Renters being told to pay up or move out during pandemic could get legal aid

Advocacy groups say more landlords are violating the emergency eviction ban that's been in...
Advocacy groups say more landlords are violating the emergency eviction ban that's been in effect since April due to rising unemployment.(Hawaii News Now)
Published: Aug. 4, 2020 at 10:24 PM HST
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HONOLULU, Hawaii (HawaiiNewsNow) - Advocacy groups say more landlords are violating the emergency eviction ban that's meant to keep people housed and safe during this public health crisis.

One tenant who asked to remain anonymous said his landlord threatened to kick him out if he didn’t pay the full rent.

“Was mid-June that I started getting text about moving out or pay rent or I have to move out,” said the tenant.

After getting his work hours cut and making only partial rent payments for months, the tenant’s texts shows the landlord told him to come up with the rent in a week or move out. He and his wife and child moved out within days.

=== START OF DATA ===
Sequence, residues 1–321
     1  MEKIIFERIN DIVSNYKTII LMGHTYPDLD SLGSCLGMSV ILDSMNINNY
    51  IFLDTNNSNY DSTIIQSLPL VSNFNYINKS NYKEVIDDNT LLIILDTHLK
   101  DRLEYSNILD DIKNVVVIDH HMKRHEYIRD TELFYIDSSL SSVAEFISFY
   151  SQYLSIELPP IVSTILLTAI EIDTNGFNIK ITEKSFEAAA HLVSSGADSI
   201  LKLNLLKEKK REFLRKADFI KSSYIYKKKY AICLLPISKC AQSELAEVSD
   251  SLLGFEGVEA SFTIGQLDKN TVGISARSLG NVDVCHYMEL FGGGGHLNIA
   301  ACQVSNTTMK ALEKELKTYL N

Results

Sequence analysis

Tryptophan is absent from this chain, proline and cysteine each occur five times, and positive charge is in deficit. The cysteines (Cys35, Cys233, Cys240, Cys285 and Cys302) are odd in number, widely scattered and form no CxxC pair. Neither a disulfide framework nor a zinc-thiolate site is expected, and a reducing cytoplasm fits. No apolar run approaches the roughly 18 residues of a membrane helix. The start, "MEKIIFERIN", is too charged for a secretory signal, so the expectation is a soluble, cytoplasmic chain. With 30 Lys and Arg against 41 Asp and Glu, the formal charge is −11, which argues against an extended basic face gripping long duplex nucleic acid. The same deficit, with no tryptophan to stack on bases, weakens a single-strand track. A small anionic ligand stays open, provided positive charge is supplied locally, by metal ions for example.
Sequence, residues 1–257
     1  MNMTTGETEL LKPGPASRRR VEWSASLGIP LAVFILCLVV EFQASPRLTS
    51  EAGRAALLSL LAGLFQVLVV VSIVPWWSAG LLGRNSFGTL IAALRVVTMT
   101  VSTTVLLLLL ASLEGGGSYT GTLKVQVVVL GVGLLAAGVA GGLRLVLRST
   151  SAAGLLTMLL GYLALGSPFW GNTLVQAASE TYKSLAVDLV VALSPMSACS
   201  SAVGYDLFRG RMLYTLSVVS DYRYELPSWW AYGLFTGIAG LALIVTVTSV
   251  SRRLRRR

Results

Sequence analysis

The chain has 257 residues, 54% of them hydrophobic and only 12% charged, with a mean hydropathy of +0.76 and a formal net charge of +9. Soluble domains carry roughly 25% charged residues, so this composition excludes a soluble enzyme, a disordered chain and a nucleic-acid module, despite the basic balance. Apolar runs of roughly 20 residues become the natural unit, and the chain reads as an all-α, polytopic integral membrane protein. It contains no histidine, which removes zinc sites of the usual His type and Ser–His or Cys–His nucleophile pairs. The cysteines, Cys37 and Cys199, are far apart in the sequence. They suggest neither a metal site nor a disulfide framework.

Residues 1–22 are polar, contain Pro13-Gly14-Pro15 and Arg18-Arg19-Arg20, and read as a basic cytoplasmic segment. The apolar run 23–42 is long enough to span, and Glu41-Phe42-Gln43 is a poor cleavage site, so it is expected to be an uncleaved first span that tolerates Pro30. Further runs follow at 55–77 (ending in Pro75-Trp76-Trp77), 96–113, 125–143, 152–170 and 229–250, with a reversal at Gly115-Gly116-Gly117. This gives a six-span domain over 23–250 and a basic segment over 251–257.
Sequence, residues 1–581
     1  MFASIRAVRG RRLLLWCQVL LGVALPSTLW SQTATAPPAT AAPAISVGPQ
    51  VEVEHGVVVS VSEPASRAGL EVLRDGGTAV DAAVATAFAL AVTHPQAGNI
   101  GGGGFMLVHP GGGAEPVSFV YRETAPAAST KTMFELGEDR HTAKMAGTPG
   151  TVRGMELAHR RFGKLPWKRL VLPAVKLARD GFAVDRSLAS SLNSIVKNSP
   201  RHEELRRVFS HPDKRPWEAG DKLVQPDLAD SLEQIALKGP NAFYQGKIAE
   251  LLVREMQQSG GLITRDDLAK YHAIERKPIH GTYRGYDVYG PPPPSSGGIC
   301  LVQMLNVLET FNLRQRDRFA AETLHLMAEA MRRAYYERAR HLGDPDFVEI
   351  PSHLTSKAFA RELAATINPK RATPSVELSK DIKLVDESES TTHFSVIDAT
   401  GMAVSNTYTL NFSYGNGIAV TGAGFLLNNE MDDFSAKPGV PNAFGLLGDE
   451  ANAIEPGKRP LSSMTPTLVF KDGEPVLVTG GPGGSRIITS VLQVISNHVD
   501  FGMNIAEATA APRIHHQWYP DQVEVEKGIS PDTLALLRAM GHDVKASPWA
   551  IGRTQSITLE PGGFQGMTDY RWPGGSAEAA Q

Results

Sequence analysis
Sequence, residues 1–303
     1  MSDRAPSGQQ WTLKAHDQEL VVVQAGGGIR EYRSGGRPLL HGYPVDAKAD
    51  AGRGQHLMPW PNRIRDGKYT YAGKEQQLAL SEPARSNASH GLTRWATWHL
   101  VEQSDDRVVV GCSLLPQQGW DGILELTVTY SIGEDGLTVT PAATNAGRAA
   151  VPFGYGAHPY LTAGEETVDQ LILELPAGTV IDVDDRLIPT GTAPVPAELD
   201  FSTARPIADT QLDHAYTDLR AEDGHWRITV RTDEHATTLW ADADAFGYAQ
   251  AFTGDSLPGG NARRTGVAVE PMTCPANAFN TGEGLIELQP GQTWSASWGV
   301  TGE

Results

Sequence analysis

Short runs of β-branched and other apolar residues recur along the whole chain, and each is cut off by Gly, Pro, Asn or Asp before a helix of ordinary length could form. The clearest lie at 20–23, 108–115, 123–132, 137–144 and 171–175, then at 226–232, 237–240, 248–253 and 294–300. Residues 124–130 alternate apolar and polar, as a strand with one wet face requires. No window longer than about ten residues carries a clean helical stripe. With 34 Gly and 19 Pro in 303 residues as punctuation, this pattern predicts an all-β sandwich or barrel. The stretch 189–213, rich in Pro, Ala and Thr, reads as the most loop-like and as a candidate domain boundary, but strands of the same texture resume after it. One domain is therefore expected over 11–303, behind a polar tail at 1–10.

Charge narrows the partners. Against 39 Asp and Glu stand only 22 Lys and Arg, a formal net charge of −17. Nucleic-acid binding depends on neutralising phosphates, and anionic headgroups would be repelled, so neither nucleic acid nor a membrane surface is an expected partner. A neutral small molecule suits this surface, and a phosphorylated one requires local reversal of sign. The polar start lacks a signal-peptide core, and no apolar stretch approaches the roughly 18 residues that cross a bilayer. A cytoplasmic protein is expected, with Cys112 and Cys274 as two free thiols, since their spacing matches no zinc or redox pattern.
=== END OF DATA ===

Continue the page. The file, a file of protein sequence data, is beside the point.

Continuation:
“I was furious,” said the tenant. “He just probably got sick of me being short on the rent so I didn’t know what to do.”

But the Managing Attorney of the Housing and Consumer Unit at the Legal Aid Society of Hawaii, Dan O’Meara said even some paying full rent are being harassed.

“They want the tenant off, so they’ve been like shutting off the water every now and then, shutting of the electricity to their portion of the property,” explained O’Meara. “Basically, trying to force him off in that case the tenant has actually been paying his rent and can’t afford to move right now.”

A group of advocates for tenants held a press conference wanted to remind landlords of their responsibilities as the eviction moratorium is in place until Aug. 31st.

“Landlords should know that it’s illegal to threaten eviction, to lock tenants out of their properties and more importantly there are significant consequences for doing that including damages,” said Tom Helper, litigation director of the Lawyers for Equal Justice.

To avoid legal problems, landlords and tenants are encouraged to work out a payment plan or find a solution, which landlords like Nando Corpuz also advises doing.

“I feel the landlord should do everything in their power to help the tenants out and help them find something and I get it we’re both put in a difficult situation but at the same time like I said landlords are in a better position [than] the tenants.”

To give everyone certainty, the advocates also want the government to extend the eviction moratorium through the end of the year.

Tenants threatened with eviction are encouraged to call the Legal Aid Society of Hawaii at 808-536-4302.

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